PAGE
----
Sunday, 27 August 2017

Meet Prakash, man who conducts last rites of unclaimed bodies with respect

The long and short story when a person dies is that he or she is given a proper last rite. But imagine the grief of the family which could not find or identify the bodies of the beloved ones who had died.

Their dilemma is while unable to accept the on the loss, they have an added emotional stress on whether the last rite must have taken place — according to their traditional practices or not — in the event that the body is disposed of as unidentified.

Enter 64-year-old legal consultant Prakash Gidwani — the man who collects unclaimed bodies and ensures that they get a decent funeral irrespective of the religion the dead person might have followed.

Gidwani, a member of the disaster managment cell of BMC, collects the unclaimed bodies from various hospitals in Mumbai.

He has been doing this yeoman service for since the last 34 years. Gidwani said he has performed funerals of over 1,000 bodies so far.

With the help of his associates, Gidwani also pulls out bodies — mostly decomposed — found near the sea shore and informs the local police station as well as the fire brigade.

“I have been doing this social work since 1980. We recover bodies that generally get washed away in sea. Most of such bodies are highly decomposed. After following certain legal procedures, like registration of accidental death case at the police station concerned, we wait till establishment of his/her identity. The unclaimed bodies are generally kept at mortuaries for 15 days. Meantime, we try to find out if any missing complaint has been registered in any police station. Eventually, when we don’t get any lead to establish its identity we conduct its funeral with due respect,” said Gidwani.

He said the BMC provides only 300 kg bundle of firewood for funeral of a body. Gidwani has though some disillusionment in his work. He said mortuary vans overcharged while ferrying decomposed bodies to hospital.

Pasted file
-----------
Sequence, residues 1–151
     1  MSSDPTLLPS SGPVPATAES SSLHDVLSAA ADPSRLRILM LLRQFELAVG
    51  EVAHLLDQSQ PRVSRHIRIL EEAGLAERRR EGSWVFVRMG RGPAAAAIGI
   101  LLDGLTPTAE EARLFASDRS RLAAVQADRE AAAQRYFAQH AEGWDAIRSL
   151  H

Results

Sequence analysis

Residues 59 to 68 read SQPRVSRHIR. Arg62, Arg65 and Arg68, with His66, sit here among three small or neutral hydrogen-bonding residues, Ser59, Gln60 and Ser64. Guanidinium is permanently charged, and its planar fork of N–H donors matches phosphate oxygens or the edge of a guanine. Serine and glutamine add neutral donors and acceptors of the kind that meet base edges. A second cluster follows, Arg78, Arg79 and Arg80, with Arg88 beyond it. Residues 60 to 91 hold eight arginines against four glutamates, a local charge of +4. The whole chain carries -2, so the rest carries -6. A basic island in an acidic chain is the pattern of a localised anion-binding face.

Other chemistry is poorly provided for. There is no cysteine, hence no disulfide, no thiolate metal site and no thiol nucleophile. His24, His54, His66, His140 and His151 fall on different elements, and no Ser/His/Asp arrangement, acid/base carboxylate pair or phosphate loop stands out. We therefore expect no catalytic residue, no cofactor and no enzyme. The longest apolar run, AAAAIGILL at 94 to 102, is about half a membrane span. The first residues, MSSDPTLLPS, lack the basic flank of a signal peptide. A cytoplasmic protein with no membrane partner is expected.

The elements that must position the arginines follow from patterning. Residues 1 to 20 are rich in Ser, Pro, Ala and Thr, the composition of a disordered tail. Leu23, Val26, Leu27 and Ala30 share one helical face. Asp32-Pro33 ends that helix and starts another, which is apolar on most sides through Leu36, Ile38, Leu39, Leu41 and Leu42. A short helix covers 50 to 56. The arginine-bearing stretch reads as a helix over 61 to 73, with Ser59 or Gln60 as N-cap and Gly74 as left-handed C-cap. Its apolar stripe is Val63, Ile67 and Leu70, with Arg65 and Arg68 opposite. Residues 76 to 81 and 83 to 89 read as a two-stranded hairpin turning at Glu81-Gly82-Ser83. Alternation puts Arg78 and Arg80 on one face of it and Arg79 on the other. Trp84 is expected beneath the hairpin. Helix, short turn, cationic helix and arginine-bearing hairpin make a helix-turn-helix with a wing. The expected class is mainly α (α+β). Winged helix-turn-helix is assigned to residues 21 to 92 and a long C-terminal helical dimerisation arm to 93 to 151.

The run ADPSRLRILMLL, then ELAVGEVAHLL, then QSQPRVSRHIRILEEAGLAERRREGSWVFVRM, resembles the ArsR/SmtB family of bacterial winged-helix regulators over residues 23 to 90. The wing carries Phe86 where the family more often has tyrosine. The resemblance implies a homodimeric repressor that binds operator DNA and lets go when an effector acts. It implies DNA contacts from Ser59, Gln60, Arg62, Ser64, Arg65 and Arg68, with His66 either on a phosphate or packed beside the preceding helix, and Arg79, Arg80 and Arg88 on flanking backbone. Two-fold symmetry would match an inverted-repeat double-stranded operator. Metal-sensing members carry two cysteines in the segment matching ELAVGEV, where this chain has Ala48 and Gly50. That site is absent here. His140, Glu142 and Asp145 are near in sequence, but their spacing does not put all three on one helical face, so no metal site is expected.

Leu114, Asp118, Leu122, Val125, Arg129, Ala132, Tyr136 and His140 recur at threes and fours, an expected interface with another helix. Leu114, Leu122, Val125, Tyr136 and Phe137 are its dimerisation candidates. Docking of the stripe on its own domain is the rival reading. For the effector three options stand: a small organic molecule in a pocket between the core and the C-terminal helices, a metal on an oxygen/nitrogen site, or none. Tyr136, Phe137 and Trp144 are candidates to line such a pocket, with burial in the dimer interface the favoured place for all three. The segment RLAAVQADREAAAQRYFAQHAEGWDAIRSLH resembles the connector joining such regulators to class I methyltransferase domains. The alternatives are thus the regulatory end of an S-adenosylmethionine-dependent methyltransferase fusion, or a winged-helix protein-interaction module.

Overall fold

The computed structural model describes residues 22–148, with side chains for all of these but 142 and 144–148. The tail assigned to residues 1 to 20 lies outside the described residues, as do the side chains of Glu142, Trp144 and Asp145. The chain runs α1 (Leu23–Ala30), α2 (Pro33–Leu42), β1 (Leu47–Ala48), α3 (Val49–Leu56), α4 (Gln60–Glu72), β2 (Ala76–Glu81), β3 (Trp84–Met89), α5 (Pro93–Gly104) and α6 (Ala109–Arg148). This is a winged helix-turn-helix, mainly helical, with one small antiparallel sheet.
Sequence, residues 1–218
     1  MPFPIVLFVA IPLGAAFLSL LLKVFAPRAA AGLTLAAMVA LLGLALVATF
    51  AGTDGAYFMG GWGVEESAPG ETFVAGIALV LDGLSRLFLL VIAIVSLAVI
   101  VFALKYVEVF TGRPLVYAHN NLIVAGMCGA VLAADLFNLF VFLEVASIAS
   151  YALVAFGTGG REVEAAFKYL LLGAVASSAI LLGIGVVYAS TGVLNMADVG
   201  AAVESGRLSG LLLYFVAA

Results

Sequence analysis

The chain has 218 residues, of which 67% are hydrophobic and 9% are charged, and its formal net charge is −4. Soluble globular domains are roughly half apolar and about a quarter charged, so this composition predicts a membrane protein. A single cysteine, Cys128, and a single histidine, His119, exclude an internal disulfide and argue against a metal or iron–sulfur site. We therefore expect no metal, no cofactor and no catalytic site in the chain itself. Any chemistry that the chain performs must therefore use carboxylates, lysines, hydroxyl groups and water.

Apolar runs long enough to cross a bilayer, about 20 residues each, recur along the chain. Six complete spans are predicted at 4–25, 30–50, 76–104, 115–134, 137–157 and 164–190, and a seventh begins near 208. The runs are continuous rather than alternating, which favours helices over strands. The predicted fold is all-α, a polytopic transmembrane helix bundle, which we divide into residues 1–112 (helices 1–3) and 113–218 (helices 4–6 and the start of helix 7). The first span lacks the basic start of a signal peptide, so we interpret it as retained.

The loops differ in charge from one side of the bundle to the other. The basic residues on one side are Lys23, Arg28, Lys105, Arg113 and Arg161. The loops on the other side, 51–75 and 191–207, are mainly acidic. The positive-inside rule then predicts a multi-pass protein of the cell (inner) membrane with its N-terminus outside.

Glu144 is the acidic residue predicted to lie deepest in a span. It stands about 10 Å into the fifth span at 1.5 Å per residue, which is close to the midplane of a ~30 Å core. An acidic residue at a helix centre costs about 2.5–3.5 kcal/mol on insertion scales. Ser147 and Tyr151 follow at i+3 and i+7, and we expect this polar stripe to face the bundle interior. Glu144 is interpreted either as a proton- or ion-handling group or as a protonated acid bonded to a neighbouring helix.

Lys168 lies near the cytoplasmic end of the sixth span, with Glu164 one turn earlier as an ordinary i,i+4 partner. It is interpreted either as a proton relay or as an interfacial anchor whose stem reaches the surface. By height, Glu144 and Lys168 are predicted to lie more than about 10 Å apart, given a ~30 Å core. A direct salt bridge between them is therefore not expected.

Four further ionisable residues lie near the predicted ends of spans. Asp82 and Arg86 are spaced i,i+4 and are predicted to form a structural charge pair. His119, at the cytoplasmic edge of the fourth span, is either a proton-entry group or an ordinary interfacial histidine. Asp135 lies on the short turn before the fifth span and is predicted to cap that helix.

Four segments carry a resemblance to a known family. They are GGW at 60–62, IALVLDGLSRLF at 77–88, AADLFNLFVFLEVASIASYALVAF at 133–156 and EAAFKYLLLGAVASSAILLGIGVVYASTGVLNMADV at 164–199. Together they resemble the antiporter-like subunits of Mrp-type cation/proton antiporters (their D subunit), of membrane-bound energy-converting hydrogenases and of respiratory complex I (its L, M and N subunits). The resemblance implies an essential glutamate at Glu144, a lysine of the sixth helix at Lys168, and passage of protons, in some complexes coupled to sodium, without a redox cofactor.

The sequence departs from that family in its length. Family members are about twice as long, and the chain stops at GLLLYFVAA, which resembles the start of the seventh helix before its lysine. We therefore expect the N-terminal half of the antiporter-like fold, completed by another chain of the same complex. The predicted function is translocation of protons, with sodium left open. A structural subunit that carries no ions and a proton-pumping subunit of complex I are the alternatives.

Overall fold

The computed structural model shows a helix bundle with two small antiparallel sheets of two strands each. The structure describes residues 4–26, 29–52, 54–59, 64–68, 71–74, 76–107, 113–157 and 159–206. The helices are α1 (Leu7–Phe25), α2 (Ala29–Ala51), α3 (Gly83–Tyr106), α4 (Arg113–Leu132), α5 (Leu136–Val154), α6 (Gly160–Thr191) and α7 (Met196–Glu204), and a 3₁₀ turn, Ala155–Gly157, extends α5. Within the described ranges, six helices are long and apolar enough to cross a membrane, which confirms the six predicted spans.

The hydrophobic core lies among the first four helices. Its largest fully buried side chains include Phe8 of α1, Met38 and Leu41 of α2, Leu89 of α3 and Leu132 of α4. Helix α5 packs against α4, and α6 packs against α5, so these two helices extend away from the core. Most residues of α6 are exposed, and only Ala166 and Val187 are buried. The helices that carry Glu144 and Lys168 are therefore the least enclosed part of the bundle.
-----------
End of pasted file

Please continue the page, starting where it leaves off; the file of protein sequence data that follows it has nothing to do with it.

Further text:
“They demand Rs. 12,000 to take a decomposed body found near the sea shore because of its stench. So we have arranged one vehicle for the purpose,” he said.

Further, the duty officer of a police station gets Rs. 1,500 to conduct the final rites of an unclaimed body. But the procedure to get Rs. 1,500 reimbursed is so lengthy that most of the officers contact Gidwani to shrug off their responsibilities.

Nonetheless, Versova-resident Gidwani feels peace and blissful in cremating the unclaimed bodies with dignity.

“In this fast pace world where modernisation is at the centre, most families have become nuclear and senior citizen parents feel neglected. Such parents leave home in distress either to commit suicide or search shelter in old-age homes. We too take care of such parents by providing them better medical assistance before reuniting them with their children,” Gidwani said.

Gidwani further said to show respect to victims of the 26/11 Mumbai blast, he provided shrouds (kafan) to wrap the bodies before their funeral.

27 August 2017


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